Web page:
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Politico: EU refuses to give Ukraine €5bn profit from frozen Russian assets

The €5 billion is the money received during 2022-2023. The EU's plan is for Ukraine to get only the funds generated since 15 February 2024. 

Politico: EU refuses to give Ukraine €5bn profit from frozen Russian assets
Photo: Xinhua/Zhang Fan

The European Union has decided not to transfer €5bn of the proceeds from the investment of Russia's frozen assets in 2022-2023 to Ukraine. The money will be held in Euroclear, the body holding the vast majority of Russia’s central bank's assets in Europe, Politico writes, citing proposals that have not yet been published.

Earlier, the European Commission proposed to use 90% of the proceeds from frozen Russian assets held in Europe to buy weapons for Kyiv. This is worth between €2.5 billion and €3 billion a year. But these are the funds received after 15 February 2024, the date when the EU countries agreed to transfer them to Ukraine, and the profits earned before that will remain in the Brussels-based securities depository Euroclear. 

The Clearing House holds €192 billion worth of Russian state assets that generate income. These funds have been frozen since shortly after the war began in February 2022.

According to the Commission, the €5 billion retained by Euroclear is a buffer allowing payment for ongoing and potential lawsuits in Russia and elsewhere.

"The 2022-23 earnings related to Russian immobilized assets are separated from the ‘business as usual’ earnings," Euroclear said in a written response to Politico. 

They added that they will not distribute these profits to shareholders and retain them until further guidance is provided.

According to the editorial, the funds are earmarked for “the expenses, risks and losses incurred by central securities depositories … due to the war in Ukraine".

As of February Russian entities have filed 94 lawsuits in Russia demanding payback to Euroclear, according to a Belgian official with knowledge of the proceedings who spoke on condition of anonymity because of the sensitivity of the issue. However, in Ukraine, the argument that the €5bn should be used for legal costs is not supported.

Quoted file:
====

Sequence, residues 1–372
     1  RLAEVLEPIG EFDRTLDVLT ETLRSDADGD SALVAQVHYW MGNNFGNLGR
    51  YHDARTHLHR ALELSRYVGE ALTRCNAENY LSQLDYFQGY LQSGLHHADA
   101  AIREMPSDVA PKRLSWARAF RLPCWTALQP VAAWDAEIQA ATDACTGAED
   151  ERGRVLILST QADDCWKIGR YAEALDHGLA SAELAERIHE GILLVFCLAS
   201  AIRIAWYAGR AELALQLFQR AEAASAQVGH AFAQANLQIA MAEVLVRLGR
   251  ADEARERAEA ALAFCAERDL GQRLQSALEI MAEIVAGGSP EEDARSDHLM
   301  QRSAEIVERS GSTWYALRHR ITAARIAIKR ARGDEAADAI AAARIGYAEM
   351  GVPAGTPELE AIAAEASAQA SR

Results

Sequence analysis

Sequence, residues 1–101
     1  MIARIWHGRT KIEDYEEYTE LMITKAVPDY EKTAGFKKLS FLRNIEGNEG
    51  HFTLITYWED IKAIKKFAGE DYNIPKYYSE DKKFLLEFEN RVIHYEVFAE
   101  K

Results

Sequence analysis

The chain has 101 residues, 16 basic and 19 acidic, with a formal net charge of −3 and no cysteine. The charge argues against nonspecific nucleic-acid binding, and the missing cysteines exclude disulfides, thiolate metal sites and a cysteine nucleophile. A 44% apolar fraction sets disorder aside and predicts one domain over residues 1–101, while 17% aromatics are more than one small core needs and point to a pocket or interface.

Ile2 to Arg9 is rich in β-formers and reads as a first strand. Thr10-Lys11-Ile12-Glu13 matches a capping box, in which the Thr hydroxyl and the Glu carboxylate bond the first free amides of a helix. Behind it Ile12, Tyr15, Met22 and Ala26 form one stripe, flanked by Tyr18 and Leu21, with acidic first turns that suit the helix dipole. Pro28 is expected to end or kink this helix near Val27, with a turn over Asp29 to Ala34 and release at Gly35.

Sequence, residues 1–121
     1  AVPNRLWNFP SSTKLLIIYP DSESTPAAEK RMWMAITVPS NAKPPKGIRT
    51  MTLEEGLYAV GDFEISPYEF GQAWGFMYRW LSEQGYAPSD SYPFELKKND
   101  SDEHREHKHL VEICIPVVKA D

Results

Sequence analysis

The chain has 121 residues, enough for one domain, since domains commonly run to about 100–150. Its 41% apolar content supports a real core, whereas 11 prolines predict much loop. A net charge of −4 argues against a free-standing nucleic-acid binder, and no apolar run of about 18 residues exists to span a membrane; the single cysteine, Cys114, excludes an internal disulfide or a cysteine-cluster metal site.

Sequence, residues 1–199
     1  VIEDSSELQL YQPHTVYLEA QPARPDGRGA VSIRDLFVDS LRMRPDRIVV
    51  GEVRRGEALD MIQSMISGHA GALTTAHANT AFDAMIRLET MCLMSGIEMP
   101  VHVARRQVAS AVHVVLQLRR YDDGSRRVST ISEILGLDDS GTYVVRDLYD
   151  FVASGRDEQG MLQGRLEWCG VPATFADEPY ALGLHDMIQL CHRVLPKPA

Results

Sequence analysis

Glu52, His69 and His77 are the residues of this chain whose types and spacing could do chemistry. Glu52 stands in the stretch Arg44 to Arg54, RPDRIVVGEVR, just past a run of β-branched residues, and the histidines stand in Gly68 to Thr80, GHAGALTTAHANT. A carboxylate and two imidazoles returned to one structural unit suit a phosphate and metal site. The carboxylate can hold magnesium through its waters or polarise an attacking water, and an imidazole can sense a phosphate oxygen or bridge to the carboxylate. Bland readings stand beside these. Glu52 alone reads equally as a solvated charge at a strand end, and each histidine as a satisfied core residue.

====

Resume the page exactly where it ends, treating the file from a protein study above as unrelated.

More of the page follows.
"I never heard that €5 billion is a buffer for Euroclear," said Denys Malyuska, Ukraine's Justice Minister, in a commentary.

He added that €5bn is too large a sum to buffer against potential lawsuits. 

Ukrainian officials said the sum also doesn't square with the fact that Euroclear only suffered a €34 million loss in income as a direct consequences of the war, according to the company’s CEO Lieve Mostrey.

But legal experts noted that backdating the profit seizure would have been a legal minefield — which explains why the Commission's proposal doesn't cover the proceeds generated in 2022 and 2023.

"There are very limited circumstances under which regulations are allowed to apply retroactively,” said Malyuska, himself a former lawyer.

  • During the two years of full-scale war, Brussels has not dared to transfer frozen assets to Russia. However, there has been progress on the issue of transferring the profits from these assets to Ukraine for the purchase of weapons.
  • Foreign Minister Dmytro Kuleba explained that frozen assets in Germany ($6.5 billion), Austria ($1.8 billion), Ireland ($2 billion) and Poland ($1.13 billion) would be enough to help rebuild more than 3,500 damaged or destroyed educational facilities, including 1,700 schools, more than 1,000 kindergartens and 586 universities.
  • Recently, the Prime Minister of Ukraine also said that the confiscation of frozen Russian assets should become a reliable source of support for Ukraine and funding for reconstruction. According to the prime minister, there is a "full readiness" to use the proceeds of Russia's frozen assets, but this is only the first step. 
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